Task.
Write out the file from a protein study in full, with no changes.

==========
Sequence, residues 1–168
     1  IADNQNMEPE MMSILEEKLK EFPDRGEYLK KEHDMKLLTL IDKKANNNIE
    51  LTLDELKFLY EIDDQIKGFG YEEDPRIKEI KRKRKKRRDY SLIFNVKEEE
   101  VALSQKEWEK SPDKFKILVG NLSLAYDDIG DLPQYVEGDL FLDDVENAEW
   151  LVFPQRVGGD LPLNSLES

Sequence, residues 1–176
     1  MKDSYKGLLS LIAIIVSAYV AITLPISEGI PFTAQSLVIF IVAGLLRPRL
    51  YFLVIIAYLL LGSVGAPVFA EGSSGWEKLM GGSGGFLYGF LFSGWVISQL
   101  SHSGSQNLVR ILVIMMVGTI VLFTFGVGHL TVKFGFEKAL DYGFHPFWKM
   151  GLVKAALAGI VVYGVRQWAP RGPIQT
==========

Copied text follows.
Sequence, residues 1–168
     1  IADNQNMEPE MMSILEEKLK EFPDRGEYLK KEHDMKLLTL IDKKANNNIE
    51  LTLDELKFLY EIDDQIKGFG YEEDPRIKEI KRKRKKRRDY SLIFNVKEEE
   101  VALSQKEWEK SPDKFKILVG NLSLAYDDIG DLPQYVEGDL FLDDVENAEW
   151  LVFPQRVGGD LPLNSLES

Sequence, residues 1–176
     1  MKDSYKGLLS LIAIIVSAYV AITLPISEGI PFTAQSLVIF IVAGLLRPRL
    51  YFLVIIAYLL LGSVGAPVFA EGSSGWEKLM GGSGGFLYGF LFSGWVISQL
   101  SHSGSQNLVR ILVIMMVGTI VLFTFGVGHL TVKFGFEKAL DYGFHPFWKM
   151  GLVKAALAGI VVYGVRQWAP RGPIQT